President & CEO
Rochester Symphony is pleased to announce that Amy Lindstrom will become our new President & CEO on July 1, 2020 when she takes over from Jere Lantz, who is currently serving in that role.
During this time of rapidly changing community health requirements that affect every aspect of our operations and mission, we are thrilled that Ms. Lindstrom will be leading the administrative side of the organization, while working closely with Maestro Lantz, who will continue as our Artistic Director. Ms. Lindstrom possesses the background, experience and expertise needed to usher Rochester Symphony into its second century on a strong foundation.
Amy Lindstrom, current Director of Operations & Education and Principal Violin 2 musician at Rochester Symphony. Ms. Lindstrom will become President & CEO of Rochester Symphony on July 1, 2020.
Dear Friends and Patrons,
While I am moving into a new role as President & CEO, I am certainly not a new face to Rochester Symphony! In fact, I began my association with this organization more than twenty years ago fresh out of college. I graduated with a degree in music in May of 1999, moved back home to Rochester, auditioned for a position as a violinist with Rochester Symphony, and performed with the orchestra for the first time – all within about two weeks. That Fall I added orchestra librarian to my involvement, and then two years later I joined the administrative staff. I am currently serving Rochester Symphony as Director of Operations & Education, and on July 1st, will become President & CEO.
Because of my dual role with the organization – musician and administrative – I have had the privilege of working directly with our wonderful musicians. I’ve worked alongside volunteers, committee and board members, and have also gotten to know many audience members and supporters on a personal level. Hours spent in rehearsal have been experienced alongside conversations in the office with people purchasing tickets or generously donating. I am pleased to say that I have been in a position to see first-hand the dedication and passion that so many on all sides of the organization have for Rochester Symphony.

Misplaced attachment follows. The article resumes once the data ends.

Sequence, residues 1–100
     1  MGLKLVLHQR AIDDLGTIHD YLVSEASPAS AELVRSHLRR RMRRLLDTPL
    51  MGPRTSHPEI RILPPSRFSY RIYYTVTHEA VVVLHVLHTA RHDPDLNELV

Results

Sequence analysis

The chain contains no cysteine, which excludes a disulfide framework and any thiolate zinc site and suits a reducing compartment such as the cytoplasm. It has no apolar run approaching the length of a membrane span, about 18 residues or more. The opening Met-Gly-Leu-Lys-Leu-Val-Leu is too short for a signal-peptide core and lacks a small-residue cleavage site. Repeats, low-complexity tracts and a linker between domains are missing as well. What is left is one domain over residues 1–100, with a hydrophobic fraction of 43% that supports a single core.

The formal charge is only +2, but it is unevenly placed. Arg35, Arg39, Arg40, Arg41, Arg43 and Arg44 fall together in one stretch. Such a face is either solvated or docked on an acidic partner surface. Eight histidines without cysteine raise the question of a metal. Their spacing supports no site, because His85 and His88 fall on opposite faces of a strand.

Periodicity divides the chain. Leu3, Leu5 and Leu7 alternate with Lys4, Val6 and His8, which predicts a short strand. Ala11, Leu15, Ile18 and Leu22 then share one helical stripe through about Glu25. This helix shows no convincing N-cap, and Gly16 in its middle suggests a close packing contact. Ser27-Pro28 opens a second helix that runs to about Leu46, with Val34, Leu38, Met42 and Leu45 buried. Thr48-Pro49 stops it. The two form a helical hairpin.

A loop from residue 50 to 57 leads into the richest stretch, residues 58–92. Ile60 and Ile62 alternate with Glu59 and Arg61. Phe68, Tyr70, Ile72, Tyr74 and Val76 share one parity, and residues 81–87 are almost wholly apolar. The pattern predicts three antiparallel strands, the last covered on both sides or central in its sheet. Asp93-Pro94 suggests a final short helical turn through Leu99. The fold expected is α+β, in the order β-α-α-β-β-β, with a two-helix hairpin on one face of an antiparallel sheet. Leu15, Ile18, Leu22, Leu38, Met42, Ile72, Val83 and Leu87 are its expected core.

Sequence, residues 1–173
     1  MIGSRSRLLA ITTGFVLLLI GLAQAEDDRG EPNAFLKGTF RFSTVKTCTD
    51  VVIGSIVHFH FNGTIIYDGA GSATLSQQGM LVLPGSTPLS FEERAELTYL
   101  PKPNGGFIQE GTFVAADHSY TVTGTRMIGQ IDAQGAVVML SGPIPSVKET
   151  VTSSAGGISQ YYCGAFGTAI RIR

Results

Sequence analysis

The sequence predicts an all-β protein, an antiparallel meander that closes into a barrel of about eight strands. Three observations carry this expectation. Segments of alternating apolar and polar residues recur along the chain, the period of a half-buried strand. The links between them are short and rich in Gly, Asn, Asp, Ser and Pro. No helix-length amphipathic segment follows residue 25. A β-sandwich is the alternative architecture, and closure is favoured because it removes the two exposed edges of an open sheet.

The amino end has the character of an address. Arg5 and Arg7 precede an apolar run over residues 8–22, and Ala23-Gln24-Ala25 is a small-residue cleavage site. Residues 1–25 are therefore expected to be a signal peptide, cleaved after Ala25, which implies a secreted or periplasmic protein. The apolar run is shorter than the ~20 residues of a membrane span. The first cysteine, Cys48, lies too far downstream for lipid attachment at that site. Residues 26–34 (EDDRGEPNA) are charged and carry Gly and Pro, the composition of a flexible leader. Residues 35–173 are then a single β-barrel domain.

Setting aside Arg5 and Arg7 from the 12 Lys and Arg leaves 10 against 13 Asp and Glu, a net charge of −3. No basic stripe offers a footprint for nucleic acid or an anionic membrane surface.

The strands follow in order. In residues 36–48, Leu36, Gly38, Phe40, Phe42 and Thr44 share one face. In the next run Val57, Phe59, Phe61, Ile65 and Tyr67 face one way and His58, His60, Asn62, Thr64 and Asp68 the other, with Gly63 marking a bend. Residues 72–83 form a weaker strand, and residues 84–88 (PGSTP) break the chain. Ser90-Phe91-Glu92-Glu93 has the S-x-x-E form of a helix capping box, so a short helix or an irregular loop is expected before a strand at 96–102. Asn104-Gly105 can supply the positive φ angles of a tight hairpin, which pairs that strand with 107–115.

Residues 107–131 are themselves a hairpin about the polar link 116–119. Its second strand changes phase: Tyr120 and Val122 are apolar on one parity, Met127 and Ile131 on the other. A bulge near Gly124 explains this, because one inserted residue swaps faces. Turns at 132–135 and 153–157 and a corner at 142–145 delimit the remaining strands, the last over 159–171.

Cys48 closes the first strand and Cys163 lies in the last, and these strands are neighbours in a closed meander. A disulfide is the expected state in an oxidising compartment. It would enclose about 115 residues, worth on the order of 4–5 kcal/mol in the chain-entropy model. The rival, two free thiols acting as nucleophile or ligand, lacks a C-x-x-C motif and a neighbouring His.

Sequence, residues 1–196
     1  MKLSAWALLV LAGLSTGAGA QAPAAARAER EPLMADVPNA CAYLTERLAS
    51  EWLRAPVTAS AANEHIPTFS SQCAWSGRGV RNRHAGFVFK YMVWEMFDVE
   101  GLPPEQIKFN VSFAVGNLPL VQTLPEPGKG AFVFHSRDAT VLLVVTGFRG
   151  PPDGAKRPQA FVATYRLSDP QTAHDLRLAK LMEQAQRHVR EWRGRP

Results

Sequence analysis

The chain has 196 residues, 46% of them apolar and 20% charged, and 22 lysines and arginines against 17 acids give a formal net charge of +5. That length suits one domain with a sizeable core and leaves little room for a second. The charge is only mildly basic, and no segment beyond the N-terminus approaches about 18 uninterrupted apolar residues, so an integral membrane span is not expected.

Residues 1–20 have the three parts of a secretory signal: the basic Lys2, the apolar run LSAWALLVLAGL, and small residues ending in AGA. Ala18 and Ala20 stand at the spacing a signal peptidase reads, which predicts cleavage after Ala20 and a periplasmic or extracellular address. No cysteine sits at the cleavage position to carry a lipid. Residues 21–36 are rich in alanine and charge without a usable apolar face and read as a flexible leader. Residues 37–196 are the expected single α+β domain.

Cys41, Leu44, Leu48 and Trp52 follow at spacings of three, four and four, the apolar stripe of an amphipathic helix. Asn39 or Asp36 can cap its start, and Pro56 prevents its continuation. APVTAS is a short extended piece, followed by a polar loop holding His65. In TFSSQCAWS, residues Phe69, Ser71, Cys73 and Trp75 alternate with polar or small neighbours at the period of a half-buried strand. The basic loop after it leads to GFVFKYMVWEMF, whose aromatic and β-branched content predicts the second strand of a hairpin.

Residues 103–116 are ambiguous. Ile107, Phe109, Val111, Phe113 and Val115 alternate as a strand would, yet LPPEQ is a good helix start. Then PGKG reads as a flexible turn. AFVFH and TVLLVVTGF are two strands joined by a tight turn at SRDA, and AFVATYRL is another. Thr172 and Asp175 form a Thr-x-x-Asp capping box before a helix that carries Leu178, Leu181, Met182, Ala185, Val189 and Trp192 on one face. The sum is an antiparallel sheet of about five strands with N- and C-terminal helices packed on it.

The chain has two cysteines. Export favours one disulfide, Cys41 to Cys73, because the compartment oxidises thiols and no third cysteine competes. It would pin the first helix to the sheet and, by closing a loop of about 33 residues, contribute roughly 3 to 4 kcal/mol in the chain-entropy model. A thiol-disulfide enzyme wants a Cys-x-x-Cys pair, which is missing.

Many people are aware of my focus on music as it plays such a central role in my life, but another aspect of my background that is lesser-known is that I had a second major in college: American Studies. As we have just finished celebrating the first 100 years of Rochester Symphony, I’m finding those two interests intersecting more than ever before. I’ve been thinking a lot about the environment in which the organization was founded. Rochester Symphony was established in 1919, the year of a global flu pandemic. And here we are now in the midst of another global pandemic as we begin our 2nd century.
The coming months will no doubt look quite different compared to “business as usual.” It’s unlikely that we will get to experience the energy of full orchestra and chorale – all 160 musicians that make up Rochester Symphony – on stage together performing for a live audience in the immediate future. I wish that we could launch the next 100 years in that way! But we know that music is important now. Perhaps now more than ever. So we are not going to stop creating music even if the process has to look different.
With that in mind, I invite you to support Rochester Symphony during our MUSIC ALWAYS campaign — to help us continue to bring music to our community in new ways, and keep us financially sound until we can bring music to life in the concert hall together again.
I am so appreciative of all who are continuing to support Rochester Symphony, and look forward to leading this remarkable organization as President & CEO as we move into this new era.